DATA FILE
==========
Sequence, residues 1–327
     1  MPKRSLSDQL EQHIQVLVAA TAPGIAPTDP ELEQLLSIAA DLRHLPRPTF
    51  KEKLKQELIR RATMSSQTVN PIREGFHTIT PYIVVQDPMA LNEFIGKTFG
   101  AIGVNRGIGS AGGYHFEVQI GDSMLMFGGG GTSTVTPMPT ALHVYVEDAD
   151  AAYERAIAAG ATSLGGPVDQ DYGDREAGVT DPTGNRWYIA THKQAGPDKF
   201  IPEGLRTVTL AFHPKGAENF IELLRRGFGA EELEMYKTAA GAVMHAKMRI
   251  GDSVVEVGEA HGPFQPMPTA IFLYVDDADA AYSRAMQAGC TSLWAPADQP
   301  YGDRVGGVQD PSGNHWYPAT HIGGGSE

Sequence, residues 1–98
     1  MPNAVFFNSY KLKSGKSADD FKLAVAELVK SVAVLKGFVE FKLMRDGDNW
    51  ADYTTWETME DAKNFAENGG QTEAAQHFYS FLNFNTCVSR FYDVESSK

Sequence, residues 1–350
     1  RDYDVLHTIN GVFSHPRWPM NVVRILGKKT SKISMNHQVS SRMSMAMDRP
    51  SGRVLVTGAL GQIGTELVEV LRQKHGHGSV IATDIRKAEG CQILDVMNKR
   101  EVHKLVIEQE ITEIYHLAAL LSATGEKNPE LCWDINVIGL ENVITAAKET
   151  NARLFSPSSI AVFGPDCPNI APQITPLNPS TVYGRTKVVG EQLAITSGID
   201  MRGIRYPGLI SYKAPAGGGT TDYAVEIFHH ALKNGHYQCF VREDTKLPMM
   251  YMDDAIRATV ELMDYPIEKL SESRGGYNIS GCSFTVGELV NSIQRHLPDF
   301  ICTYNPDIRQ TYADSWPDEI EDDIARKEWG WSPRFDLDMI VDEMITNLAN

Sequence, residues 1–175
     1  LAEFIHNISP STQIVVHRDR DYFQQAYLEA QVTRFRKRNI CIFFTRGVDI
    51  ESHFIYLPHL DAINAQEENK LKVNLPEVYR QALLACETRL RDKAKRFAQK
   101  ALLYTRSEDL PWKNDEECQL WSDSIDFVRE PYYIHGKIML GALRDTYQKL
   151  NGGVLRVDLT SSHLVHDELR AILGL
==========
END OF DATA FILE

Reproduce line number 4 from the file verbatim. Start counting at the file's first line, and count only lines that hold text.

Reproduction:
   101  AIGVNRGIGS AGGYHFEVQI GDSMLMFGGG GTSTVTPMPT ALHVYVEDAD